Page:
Jewish Passover

By Caitlin

Passover is the seven-day holiday of the Feast of Unleavened Bread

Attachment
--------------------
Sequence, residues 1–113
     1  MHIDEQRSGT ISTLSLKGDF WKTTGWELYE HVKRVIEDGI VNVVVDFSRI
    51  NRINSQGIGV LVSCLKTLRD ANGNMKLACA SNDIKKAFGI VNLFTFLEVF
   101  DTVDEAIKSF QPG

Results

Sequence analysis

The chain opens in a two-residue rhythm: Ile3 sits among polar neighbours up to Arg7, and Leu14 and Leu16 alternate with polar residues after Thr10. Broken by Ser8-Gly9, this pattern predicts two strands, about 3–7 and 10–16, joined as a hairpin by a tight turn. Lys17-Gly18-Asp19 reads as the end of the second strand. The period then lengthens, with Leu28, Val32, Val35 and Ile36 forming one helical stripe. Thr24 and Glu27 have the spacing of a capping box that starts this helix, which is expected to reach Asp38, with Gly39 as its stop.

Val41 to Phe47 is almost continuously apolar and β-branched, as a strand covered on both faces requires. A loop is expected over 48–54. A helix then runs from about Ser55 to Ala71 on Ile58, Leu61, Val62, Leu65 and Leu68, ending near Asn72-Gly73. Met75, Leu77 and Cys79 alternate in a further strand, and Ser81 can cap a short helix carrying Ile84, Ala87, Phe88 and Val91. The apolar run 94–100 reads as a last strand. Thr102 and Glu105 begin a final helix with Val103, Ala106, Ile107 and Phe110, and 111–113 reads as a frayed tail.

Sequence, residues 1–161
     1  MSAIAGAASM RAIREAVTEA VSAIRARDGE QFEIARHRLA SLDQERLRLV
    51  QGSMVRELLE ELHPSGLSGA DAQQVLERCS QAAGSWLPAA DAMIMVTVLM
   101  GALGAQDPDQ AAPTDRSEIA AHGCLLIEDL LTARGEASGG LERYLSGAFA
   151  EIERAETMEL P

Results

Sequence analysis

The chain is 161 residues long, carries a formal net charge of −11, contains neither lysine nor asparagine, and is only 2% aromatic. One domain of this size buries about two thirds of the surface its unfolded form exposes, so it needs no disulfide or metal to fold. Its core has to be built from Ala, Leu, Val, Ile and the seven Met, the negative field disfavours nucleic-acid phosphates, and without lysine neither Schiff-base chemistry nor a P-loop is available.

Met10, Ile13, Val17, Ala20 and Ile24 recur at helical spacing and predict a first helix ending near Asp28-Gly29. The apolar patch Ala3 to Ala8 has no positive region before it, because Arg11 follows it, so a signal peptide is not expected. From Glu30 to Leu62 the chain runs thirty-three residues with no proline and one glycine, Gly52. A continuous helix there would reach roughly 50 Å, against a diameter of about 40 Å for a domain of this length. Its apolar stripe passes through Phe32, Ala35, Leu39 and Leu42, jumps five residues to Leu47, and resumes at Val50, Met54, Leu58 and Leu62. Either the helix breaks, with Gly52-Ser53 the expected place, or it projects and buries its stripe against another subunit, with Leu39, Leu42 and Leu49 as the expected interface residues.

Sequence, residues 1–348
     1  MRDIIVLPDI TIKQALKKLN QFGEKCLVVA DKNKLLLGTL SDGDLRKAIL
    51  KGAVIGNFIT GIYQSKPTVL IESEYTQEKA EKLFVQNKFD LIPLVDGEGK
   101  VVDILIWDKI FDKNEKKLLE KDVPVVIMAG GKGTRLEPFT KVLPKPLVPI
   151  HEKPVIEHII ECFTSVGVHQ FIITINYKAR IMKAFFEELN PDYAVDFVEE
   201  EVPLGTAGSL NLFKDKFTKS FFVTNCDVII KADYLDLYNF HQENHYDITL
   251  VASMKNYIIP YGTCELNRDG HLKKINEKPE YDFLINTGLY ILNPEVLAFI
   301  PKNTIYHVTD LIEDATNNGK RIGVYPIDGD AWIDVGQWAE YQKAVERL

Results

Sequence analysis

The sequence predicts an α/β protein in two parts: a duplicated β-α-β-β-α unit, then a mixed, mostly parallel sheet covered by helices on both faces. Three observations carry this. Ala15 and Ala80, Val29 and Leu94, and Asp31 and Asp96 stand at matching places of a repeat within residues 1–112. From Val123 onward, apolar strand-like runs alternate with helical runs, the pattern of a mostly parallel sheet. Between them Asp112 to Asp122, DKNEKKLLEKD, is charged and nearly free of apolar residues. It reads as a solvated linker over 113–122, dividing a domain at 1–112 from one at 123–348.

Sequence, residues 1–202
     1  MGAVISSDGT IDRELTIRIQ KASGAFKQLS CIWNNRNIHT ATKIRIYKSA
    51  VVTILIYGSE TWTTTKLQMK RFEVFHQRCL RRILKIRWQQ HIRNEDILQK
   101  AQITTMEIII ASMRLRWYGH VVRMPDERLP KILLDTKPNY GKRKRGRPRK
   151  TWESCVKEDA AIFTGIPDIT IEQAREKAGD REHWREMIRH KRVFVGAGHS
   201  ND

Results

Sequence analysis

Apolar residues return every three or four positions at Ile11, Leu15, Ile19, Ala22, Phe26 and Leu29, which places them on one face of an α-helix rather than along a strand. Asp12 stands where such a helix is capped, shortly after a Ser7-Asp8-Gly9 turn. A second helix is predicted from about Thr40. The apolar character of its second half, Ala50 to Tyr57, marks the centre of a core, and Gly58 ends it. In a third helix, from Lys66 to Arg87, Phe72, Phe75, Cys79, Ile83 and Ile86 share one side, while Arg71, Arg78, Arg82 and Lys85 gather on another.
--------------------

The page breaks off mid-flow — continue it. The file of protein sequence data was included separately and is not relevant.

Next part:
Jewish Passover is one of the worlds most widely celebrated Jewish holiday and commemorates the biblical story of Exodus, when hebrew slaves were released from bondage in Egypt. Passover begins on the 15th day of the month of Nisan, which typically falls in March or April of the Gregorian Calender. To ensure that Passover did not start before spring, the tradition in ancient Israel held that the first day of Nisan would not start until the barley was ripe. If the barley was not ripe, this indicated that it wasn't spring yet, and an extra month would be added. Since at least the 4th century, the date has been fixed mathematically. Every year, Jews are commanded to tell the Passover story. This usually takes place during the Passover Seder, which is a service held at home as part of the Passover celebration. It is always observed on the first night of Passover, and in some homes on the second night as well. On both nights, the seder concludes with a dinner.